Due to sulfate attack problems in California, it is mandatory to use Type II-V cement instead of Type I cement. The selection of mixture design was based on concrete mixtures meeting basic technical properties and also representing a diverse range of solutions to long term durability. The basic mixture parameters were coded into the names of the mixtures with percentage of each cementitious material, e.g. 75TII-V/20F/5SF means 75 % Type II-V Cement, 20 % Class F fly ash and 5 % Silica Fume. A high-range water reducing admixture (Glenium 7500) and an air entraining agent (MBVR AE90) were used to meet better workability and other durability performance specifications. All the mixtures were cast according to ASTM C192 practice and four cylinders 100 × 200 mm (4 × 8 in.) were prepared for both bulk and surface electrical resistivity testing at all ages. The cylinders were demolded after 24 ± 2 h and they were continuously cured in lime water tank. Electrical resistivity was measured on 7, 14, 28, 56, 91 and 161 days.
Measurement of Surface Electrical Resistivity
Surface resistivity measurement was performed by commercially available 4 point Wenner probe surface resistivity (SR) meter, manufactured by Proceq. In this study, Florida testing method was used for electrical resistivity measurement on 7, 14, 28, 56, 91 and 161 days for 100 × 200 mm (4 × 8 in.) cylinders except the curing condition and the probe spacing. All the cylinders were cast and then demolded within 24 ± 2 h. After demolding, the cylinders were placed in lime water tank. A multiplier of 1.1 is used for electrical resistivity data as suggested by AASHTO TP-95 specification for lime water curing condition. All the cylinders were removed from lime water tank on the specified testing days and tested in saturated surface dry (SSD) condition at 23 ± 2 °C by Resipod Wenner Probe meter. Readings were taken two times with 0, 90, 180 and 270 degree angles of circular face of each concrete cylinder. The data in this research were collected using a probe spacing of 50 mm (2 inches), instead of 38 mm (1.5 inches) as recommended by FDOT. The probe spacing could not be changed as it came from the manufacturer with 50 mm (2 inches) spacing. The whole experimental process took less than half hour to complete. Four cylinders were tested for each concrete mixture and altogether 32 data points (4 × 8 = 32 points) were collected for each mixture for surface electrical resistivity. The equipment measures the current flowing between the outer electrodes and the potential difference between the two inner electrodes. Assuming that the concrete cylinder has homogeneous semi-infinite geometry (the dimensions of the element are large in comparison of the probe spacing), and the probe depth is far less than the probe spacing, the concrete cylinder resistivity ρ can be computed as:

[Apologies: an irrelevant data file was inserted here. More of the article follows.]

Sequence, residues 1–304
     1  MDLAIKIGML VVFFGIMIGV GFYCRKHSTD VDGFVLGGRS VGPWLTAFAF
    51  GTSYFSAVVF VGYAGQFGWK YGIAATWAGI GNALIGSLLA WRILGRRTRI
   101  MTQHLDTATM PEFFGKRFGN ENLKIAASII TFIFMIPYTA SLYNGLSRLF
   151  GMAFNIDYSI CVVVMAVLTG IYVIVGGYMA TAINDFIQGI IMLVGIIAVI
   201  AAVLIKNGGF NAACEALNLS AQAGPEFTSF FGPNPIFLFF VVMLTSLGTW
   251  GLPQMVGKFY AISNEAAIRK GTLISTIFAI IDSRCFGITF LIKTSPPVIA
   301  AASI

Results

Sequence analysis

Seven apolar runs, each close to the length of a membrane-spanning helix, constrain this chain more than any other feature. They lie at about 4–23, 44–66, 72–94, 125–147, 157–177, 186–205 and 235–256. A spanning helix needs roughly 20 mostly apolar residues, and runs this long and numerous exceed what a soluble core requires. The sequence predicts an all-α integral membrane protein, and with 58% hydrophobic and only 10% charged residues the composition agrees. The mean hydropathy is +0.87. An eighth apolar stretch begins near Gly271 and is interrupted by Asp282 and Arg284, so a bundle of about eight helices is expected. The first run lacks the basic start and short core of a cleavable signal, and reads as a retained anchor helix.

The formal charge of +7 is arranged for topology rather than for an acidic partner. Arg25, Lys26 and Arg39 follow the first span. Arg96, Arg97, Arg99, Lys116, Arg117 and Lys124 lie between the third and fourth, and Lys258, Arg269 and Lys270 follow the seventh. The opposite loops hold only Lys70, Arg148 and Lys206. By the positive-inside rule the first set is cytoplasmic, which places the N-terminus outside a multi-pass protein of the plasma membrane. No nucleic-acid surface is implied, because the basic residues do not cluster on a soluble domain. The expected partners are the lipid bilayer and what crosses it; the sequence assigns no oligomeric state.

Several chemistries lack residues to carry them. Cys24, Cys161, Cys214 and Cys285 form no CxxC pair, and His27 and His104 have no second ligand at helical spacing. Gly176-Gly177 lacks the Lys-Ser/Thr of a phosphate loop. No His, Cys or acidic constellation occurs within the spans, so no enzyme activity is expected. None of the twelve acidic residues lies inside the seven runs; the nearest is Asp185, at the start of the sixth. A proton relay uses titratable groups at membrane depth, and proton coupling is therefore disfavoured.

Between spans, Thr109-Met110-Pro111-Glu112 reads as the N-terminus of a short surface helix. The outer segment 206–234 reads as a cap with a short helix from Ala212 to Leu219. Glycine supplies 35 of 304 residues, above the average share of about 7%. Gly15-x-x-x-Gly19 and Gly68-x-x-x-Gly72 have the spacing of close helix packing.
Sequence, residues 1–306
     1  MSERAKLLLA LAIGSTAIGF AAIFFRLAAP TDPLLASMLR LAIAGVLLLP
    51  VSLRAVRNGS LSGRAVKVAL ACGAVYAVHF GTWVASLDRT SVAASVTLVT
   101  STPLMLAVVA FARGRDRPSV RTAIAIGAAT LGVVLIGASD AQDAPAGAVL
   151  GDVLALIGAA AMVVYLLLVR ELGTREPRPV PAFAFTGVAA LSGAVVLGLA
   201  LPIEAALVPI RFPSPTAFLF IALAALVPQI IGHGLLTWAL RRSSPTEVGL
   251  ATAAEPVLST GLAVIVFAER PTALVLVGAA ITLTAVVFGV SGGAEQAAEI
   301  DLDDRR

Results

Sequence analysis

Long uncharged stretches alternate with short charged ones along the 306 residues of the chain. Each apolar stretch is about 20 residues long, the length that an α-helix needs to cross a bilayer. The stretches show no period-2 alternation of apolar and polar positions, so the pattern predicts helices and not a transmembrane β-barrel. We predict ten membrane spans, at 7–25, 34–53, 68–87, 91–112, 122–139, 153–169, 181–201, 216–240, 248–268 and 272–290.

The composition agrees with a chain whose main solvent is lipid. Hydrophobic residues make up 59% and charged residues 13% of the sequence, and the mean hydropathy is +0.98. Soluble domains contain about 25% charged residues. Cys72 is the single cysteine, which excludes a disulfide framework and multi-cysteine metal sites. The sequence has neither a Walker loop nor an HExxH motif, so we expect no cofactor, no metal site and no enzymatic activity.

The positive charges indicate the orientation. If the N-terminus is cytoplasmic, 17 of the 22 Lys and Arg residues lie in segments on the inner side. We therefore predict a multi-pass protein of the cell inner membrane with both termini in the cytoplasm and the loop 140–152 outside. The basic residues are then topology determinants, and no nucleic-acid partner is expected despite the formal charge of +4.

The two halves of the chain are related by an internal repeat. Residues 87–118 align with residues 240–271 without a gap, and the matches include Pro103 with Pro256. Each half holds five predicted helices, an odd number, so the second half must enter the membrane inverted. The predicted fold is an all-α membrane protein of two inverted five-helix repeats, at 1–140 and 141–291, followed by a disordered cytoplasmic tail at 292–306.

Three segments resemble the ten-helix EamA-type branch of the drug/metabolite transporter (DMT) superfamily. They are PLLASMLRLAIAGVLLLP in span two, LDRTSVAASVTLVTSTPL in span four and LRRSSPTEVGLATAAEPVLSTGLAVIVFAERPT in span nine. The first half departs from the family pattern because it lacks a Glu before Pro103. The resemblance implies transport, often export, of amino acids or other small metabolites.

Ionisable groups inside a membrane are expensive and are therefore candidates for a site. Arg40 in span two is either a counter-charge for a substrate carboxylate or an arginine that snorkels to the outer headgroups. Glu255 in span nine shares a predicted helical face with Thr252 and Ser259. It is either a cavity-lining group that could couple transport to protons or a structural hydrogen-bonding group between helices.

wherea is the probe spacing in mm;V is the applied voltage in volt;I is the current in ampere; andR1 is the surface resistance in KOhm.
Measurement of Bulk Electrical Resistivity
The Merlin conductivity tester was used to measure the bulk electrical conductivity, or its inverse, the bulk electrical resistivity, of water saturated concrete cylinders of 100 × 200 mm (4 × 8 in) in lime water tank. Bulk resistivity measurement was performed on the same cylinder sample as of surface electrical resistivity measurement. This test is also non-destructive and simple to perform. A test result was obtained within 2 s, and sample preparation and testing altogether takes less than 30 min. The conductivity of a saturated concrete specimen provides information on the resistance of the concrete to penetration of ionic species by the diffusion mechanism. The curing criteria and number of specimens were same as of surface electrical resistivity. Additionally, before testing, the tester verified with Merlin verification cylinder for rapid calibration purpose. A cylinder was placed on the support and two ends were wet with spraying bottle. This test method consists of applying a potential difference to the cylindrical specimen, thereby producing a current flow through the cylinder. The potential difference and resulting current can be utilized to obtain the electrical resistance. Two readings were obtained from data logger for each cylinder specimen by swapping the two end faces of a cylinder. From the measured currentI and voltageV, the bulk resistivity was calculated as follows: